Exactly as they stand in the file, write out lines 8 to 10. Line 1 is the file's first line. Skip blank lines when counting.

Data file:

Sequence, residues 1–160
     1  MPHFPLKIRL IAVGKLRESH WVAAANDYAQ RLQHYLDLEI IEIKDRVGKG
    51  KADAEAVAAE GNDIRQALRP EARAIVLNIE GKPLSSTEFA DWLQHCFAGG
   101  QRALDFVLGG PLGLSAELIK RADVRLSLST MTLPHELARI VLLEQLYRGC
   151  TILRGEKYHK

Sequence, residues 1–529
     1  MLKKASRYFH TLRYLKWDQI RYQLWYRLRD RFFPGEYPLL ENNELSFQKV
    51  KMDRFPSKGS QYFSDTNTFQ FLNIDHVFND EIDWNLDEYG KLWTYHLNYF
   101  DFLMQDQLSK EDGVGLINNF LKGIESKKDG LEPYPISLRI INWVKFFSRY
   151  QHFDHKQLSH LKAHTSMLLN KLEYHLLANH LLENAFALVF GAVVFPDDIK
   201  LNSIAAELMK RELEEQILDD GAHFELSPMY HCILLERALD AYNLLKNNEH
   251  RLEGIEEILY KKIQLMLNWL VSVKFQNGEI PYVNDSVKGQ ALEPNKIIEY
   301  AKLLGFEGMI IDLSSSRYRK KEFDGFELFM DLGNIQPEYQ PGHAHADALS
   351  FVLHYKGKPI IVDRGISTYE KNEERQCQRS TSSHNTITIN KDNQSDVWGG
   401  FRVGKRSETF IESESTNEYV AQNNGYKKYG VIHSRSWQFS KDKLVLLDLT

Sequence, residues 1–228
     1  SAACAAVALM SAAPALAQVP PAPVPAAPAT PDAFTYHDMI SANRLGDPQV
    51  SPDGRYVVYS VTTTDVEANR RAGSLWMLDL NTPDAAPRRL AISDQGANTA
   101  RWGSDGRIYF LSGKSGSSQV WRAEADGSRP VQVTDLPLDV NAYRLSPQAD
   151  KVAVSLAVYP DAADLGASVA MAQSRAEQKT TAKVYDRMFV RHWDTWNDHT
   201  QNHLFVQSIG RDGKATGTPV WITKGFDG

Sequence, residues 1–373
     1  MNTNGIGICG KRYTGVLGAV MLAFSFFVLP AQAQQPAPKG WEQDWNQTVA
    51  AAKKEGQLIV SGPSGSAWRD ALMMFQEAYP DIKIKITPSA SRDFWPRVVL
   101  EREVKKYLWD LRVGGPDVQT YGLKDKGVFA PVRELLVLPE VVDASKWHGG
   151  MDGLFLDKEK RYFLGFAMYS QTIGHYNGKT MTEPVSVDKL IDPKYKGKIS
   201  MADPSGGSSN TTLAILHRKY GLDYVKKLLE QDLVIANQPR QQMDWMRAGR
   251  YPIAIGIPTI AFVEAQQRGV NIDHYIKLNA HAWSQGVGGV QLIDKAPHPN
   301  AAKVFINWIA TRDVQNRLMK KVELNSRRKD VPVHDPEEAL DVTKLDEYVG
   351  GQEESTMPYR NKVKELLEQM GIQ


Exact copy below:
    51  KMDRFPSKGS QYFSDTNTFQ FLNIDHVFND EIDWNLDEYG KLWTYHLNYF
   101  DFLMQDQLSK EDGVGLINNF LKGIESKKDG LEPYPISLRI INWVKFFSRY
   151  QHFDHKQLSH LKAHTSMLLN KLEYHLLANH LLENAFALVF GAVVFPDDIK